The mystics have discovered that, in addition to the mind, the heart is a very most important centre governing our spiritual consciousness. With diligent practice, teachers have perfected the techniques that moderate the heart, cultivating profound intuition and realisation. The polished heart becomes a mirror that catches the light of truth and reflects it in one’s consciousness. The surest way of achieving this sparkling quality is by focusing attentively on God and negating the ego. From then on the seeker starts to experience God, and see him with the inner eyes of the heart.

In the words of Hildegard von Bingen: “It is the heart that sees the primordial eternity of every creature.”

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Editorial

Rising tension in Kashmir

The Kashmir Monitor

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AS the Supreme Court is likely to hear the petitions against the continuation of Article 35-A of Indian constitution on Thursday, a wave of unrest is sweeping the trouble-torn state. Ahead of the hearing, On Wednesday, Kashmir is reeling under a protest strike called by the Joint Resistance Leadership (JRL). The rotest strike shall continue on Thursday as well. Apprehensions that the top court might dilute Article 35-A is a matter of concern for all shades of political opinion—separatist as well as pro India. While National Conference and PDP has already warned of serious consequences if 35-A was abolished, the latest to voice his concern is Sajjad Gani Lone. The Peoples’ Conference chairman, who has close political affinity with the BJP, said on Tuesday that the alienation in Kashmir was due erosion in special status Jammu and Kashmir had under the constitution of India. The separatists are already up in arms. That has made the continuation of Article 35-A and 370 of Indian constitution as a joint case for the political leaders in Kashmir.

Article 35A of the Constitution gives special rights to Jammu and Kashmir’s permanent residents. It disallows people from outside the state from buying or owning immovable property there, settle permanently, or avail themselves of state-sponsored scholarship schemes. It also forbids the J&K government from hiring people who are non-permanent residents. While separatist have asked people for a decisive struggle, pro India groups like National Conference and PDP too have joined the chorus. Former chief minister Mahbooba Mufti has cautioned New Delhi that any move to do away the special status of the state would have dangerous consequences.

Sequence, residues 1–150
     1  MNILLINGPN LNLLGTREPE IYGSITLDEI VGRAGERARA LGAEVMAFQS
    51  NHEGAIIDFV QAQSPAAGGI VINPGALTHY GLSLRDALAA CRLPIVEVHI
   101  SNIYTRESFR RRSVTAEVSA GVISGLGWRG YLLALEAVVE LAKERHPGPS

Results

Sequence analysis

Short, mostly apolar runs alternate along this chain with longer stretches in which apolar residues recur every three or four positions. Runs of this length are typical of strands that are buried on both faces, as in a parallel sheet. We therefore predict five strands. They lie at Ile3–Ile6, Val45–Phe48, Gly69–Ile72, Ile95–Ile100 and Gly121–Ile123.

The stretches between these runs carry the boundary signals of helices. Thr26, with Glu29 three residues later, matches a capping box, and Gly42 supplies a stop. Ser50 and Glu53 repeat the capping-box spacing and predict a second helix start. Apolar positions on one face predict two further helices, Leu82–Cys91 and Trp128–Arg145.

National Conference patriarch and former chief minister Dr Farooq Abdullah too have expressed similar views. On Wednesday normal life was paralyzed under shutdown called by separatists. The shutdown would continue on Thursday as well. Jammu and Kashmir government, which is presently headed by the Governor N N Vohra in absence of an elected government, has submitted to the Supreme Court to defer the hearing till an elected government was put in place. The state counsel, Shoab Alam, in a written plea to the Supreme Court, has said that “The present matter involves a sensitive issue regarding a challenge to Article 35A of the Constitution of India… It will therefore be requested that the matter may kindly be head when an elected government is in place”. Voices of opposition against revocation of 35-A have come from Jammu too.

 

Sometime back around 300 lawyers of different courts in the region, last year, supported the continuation of the 35-A as it safeguarded the rights of the people of the state. The people in power at the centre should understand the emotions of the people of Jammu and Kashmir with regard to the state’s individual character. “Azadi” or “right of self-determination” may not be the slogan of every state subject of Jammu and Kashmir but the special status that the state enjoys under Article 370 and 35-A of Indian constitution is closer to heart to every resident of Jammu and Kashmir. Saner voices at national level, who have some knowledge of politics and power in Kashmir, too have warned of the threats involved in tampering with Jammu and Kashmir’s special status. Some newspapers have editorially commented that India would have no legal claim on Kashmir if Article 370 is removed. It would be in India’s national interest that the central government listens to saner voices. BJP which is ruling at the centre should think beyond the arithmetic of election gains. The party may get some votes in the name of 35-A but it is ultimately India that would lose.